In 1975, the year we moved to the farm, my neighbor down the hill, asked me to take her around the mountain to see her friend Dessie who was laid up with a bad case of shingles.
"Dessie, now she's the workinest woman you ever saw," Louise said, as we pulled up to the little frame house, set at the bottom of a shady holler. (Around here, all the best and sunniest spots were reserved for growing crops; for the most part, houses were set in places too rocky or shady for planting. Dessie and Walter's house was in perpetual gloom -- just fine for hot July but pretty dank the rest of the year and probably truly miserable come winter.
Louise called out as we approached the porch and a woman's frail voice replied, "Come in the house!" So we did.The tiny living room was dark and crowded with worn furniture. On a plastic-covered sofa, a frail little woman was half reclining. She wore a loose house coat, white socks, and a radiant smile. Even with the lovely smile, the whole setting was an awful lot like Cold Comfort Farm, and I half-expected Dessie to tell me she'd seen something nasty in the woodshed
Louise asked Dessie if the shingles were still bad. "Law, they like to worry me to death," said Dessie, "they're right here beneath my breast and hit flops down on them and the itchin' is some thing turrible. . . But my boy give me this doo-hickey here" and she pulled open her housecoat to reveal a jock strap around her neck with one withered breast held aloft in the pouch, "and it's helpin' right much."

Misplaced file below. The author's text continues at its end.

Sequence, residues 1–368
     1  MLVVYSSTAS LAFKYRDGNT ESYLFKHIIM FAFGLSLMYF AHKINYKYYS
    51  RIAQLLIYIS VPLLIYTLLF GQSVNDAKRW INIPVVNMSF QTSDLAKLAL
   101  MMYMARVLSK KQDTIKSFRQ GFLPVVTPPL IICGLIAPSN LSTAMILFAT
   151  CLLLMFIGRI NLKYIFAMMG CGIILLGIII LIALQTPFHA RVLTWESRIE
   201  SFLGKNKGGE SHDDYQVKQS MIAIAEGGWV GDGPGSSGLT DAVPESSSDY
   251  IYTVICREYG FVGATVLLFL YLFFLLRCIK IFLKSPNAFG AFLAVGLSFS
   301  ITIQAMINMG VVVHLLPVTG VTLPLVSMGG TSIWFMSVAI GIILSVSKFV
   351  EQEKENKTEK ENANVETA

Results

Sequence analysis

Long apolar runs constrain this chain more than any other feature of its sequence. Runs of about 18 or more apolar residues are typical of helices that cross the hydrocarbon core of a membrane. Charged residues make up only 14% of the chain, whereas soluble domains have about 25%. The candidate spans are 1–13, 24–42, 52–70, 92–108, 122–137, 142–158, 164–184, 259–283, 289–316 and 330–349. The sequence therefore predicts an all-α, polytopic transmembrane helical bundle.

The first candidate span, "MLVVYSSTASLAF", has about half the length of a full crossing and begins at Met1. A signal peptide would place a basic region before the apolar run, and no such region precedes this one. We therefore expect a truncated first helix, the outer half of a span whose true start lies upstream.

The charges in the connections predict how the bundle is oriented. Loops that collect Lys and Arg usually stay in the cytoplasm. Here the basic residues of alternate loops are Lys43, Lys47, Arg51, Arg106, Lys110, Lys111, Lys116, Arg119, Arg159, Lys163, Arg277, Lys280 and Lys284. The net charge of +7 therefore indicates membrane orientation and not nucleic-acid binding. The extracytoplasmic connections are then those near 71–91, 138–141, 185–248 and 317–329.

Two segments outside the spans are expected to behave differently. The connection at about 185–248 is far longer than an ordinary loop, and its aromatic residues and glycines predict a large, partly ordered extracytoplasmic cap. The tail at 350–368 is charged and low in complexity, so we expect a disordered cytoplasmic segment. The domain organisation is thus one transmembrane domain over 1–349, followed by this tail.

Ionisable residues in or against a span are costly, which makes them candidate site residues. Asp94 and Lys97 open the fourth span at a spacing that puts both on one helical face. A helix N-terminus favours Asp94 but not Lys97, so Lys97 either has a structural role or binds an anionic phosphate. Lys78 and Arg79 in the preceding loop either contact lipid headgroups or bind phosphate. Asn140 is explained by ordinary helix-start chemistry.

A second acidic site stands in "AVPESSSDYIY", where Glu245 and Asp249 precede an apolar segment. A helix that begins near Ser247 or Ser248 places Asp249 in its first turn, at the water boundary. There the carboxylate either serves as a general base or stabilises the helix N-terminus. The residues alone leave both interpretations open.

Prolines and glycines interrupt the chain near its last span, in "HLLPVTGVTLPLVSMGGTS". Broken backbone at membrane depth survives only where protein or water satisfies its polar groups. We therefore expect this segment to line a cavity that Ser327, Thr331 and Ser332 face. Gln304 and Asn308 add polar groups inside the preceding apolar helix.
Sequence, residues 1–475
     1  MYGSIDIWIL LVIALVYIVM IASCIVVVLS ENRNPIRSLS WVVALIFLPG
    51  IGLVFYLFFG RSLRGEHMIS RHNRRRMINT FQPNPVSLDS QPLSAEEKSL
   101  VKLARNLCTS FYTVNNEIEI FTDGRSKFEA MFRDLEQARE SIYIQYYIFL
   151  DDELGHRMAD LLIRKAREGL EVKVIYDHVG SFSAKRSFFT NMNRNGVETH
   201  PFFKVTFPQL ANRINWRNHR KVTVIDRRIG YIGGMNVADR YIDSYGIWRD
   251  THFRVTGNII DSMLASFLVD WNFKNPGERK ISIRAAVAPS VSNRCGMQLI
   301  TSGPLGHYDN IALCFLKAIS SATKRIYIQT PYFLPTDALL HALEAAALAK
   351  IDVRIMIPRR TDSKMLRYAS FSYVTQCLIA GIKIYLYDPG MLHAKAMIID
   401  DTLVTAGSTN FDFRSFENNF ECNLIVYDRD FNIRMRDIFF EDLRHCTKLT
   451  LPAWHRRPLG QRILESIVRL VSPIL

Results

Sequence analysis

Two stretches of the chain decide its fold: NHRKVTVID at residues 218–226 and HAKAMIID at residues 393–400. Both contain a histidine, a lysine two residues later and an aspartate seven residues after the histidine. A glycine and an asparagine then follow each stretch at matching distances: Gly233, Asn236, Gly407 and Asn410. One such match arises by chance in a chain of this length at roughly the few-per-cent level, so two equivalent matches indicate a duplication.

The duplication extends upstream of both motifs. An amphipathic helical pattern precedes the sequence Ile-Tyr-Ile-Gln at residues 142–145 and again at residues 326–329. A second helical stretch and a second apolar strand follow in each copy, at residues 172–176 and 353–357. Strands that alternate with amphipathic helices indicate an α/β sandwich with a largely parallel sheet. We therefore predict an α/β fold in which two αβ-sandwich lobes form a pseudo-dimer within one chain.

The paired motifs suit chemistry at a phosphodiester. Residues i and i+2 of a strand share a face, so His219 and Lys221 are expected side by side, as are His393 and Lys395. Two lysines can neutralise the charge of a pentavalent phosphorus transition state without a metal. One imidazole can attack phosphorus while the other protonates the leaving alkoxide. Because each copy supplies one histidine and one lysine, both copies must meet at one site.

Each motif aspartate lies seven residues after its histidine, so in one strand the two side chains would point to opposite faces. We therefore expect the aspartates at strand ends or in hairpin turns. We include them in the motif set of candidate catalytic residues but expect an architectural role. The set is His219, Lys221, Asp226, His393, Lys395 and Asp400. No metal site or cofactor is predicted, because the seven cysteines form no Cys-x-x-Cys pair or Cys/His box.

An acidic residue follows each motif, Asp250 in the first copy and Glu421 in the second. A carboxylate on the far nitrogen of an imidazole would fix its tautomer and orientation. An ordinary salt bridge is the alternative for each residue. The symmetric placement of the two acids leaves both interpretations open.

For me, it was one of those 'You're not in Kansas any more' moments.
I got to know Dessie a little during the next few months before she and her husband moved to somewhere in the middle of the state to live with their son. She was the one who told me how to wean a baby. "You get you some soot from the lamp chimbly and daub it all round the nipple. When the young un gets a sight of all that black, hit'll keep it from wantin' to nurse."
Dessie was a giver -- she gave me raspberry canes from her huge raspberry patch, "Them's tame berries, twicet as big as the wild ones," bags of lambs quarters from her freezer, sweet potato slips from her starter bed, and a little walnut sapling from under her big tree. I planted it back in '75, with irises from Dessie's house at its base; it grew and grew till finally it blocked the view from our bedroom window and in the late nineties we cut it down.
And now it's back -- whether from the old roots or from a slow germinating nut --and I think of Dessie.
Originally posted 6/25/08